Have an honest reverence for the setting. It’s important to see where your character is and what she is doing, but try to include the setting in the action. You can use some tricks here:
· Use dialogue: “Watch out for that rattlesnake.”
· A brief mention – The plane landed. Raining. Of course, Vancouver.
· Or a complaint, a letter home, a phone call. “Surrey? They roll the sidewalks up at 6 PM.”
Give enough detail, but not too much. Too much detail slows down the story. Don’t give the reader everything you know about the place. Rather, as Chekov did, find the little detail that reveals the place.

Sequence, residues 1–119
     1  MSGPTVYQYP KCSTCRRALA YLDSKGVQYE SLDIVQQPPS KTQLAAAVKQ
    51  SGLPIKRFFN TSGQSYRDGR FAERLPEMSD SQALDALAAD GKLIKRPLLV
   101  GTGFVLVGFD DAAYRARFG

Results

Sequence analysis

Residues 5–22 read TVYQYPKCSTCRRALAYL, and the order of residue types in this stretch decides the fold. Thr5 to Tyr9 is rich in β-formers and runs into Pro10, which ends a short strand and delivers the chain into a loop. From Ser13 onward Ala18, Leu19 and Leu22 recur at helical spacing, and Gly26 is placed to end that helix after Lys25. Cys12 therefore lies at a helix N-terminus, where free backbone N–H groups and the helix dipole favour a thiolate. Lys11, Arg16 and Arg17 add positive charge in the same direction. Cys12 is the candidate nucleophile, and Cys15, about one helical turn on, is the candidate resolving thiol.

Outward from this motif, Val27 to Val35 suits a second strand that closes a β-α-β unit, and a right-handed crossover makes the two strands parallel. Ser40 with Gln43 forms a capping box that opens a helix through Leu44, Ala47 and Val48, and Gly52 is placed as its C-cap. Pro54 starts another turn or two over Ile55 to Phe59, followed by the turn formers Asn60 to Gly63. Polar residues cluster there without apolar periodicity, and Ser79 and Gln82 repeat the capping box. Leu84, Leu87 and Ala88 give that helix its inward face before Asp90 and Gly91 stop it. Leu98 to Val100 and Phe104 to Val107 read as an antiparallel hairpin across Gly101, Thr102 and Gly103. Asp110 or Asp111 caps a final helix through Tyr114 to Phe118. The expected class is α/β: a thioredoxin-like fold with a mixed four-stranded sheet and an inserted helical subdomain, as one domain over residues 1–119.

Consider using setting or place in one of these ways:
* place as a symbol, e.g. the murder of a homeless person happens in the city dump.
* place as the antagonist, e.g. a person is lost at sea or lost in the desert.
* place as destiny. The pioneers struggle over the mountains to reach Salt Lake City.
* place as backdrop. Two mountain climbers struggle for dominance as they climb a difficult mountain.
* place as a narrative element. Here’s where the story is taking place. This is the most common use of place.